The New Zealand dollar was little changed as investors mulled the significance of a weaker-than-expected US jobs report on Friday ahead of Federal Reserve chair Janet Yellen's inaugural testimony in front of policymakers this week.
The kiwi traded at 82.75 US cents at 5pm in Wellington from 82.83 cents at 8am and 82.90 cents at the close of trading in New York on Friday. The trade-weighted index was 78.05 from 78.16 on Friday in New York.
Traders will be watching Yellen's testimony for any clues on the pace of the Fed's winding back of stimulus after US non-farm payrolls showed the world's biggest economy added 113,000 jobs last month, compared to the 185,000 expected. That followed a weak December month, which was affected by the harsh winter conditions, and analysts are still trying to interpret the data.
"The payrolls report was mixed enough to confuse a lot of people - there's a lot of debate about whether it was neutral or weak," said Imre Speizer, market strategist at Westpac Banking Corp in Auckland. "Given that the market doesn't know which way to go, the kiwi's gone sideways."
Westpac's Speizer said the currency may trade between 82 US cents and 84 cents this week, with the kiwi unlikely to shift out of its recent range until the Reserve Bank's next monetary policy statement in March, when the central bank is expected to start raising rates.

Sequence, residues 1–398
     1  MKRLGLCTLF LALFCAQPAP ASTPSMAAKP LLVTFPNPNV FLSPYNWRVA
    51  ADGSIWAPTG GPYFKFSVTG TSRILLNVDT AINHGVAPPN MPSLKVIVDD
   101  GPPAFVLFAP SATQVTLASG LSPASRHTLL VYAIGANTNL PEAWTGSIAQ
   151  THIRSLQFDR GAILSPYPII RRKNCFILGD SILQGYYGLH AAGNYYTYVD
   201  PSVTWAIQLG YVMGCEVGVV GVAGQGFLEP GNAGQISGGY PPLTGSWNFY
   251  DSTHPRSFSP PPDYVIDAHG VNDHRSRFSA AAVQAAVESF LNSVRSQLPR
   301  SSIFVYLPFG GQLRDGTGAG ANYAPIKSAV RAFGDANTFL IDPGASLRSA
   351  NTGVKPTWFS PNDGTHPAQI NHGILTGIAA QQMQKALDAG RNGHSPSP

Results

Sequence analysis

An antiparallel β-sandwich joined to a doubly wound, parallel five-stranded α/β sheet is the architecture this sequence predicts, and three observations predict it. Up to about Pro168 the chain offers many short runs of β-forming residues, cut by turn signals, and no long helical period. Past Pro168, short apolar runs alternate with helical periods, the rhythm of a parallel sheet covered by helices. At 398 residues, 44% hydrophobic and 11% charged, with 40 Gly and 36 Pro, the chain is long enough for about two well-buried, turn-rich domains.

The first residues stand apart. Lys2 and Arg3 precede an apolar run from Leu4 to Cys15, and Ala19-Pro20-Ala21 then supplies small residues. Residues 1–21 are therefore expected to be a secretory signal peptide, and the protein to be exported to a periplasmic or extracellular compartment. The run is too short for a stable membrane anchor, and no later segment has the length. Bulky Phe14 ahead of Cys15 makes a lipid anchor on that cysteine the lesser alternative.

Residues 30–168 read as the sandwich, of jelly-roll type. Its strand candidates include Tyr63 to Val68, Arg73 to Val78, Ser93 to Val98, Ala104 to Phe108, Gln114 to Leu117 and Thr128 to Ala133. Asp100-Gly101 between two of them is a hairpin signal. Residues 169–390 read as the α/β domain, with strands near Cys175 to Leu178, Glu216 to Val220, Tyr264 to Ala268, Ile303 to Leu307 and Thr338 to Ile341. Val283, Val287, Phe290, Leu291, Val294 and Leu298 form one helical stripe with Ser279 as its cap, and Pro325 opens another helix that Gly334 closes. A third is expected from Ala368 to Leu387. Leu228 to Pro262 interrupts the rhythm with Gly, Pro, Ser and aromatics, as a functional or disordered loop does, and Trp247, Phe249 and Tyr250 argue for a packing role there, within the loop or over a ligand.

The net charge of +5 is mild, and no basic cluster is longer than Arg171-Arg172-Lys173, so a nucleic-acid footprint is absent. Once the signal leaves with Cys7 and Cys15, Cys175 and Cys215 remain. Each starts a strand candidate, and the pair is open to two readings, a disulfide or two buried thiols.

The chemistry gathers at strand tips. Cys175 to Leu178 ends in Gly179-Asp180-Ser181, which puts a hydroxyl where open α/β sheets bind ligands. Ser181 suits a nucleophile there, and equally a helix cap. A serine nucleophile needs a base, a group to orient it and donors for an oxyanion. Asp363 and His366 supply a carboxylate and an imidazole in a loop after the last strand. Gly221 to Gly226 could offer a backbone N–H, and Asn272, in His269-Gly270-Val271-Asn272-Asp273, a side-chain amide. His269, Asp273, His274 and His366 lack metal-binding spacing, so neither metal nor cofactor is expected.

"Until then it could be quite dull for the kiwi," he said.
The local currency may trade between 80.40 US cents and 84.30 cents this week, according to a BusinessDesk survey of 11 traders and strategists. Seven predict the kiwi will rise this week, while three expect it to remain largely unchanged and one expects a drop.
New Zealand property values rose at a slower annual pace in January than in December, according to Quotable Value figures today. The state-owned valuer said restrictions on high loan-to-value ratio home lending and the prospect of looming rate hikes may have sapped some demand from the market.
The kiwi was little changed at 92.53 Australian cents at 5pm in Wellington from 92.48 cents on Friday in New York ahead of tomorrow's NAB business confidence survey, and Australian employment data later in the week.
The local currency slipped to 84.72 yen from 84.91 yen last week, and traded at 60.73 euro cents from 60.83 cents. It edged down to 50.43 British pence from 50.54 pence last week.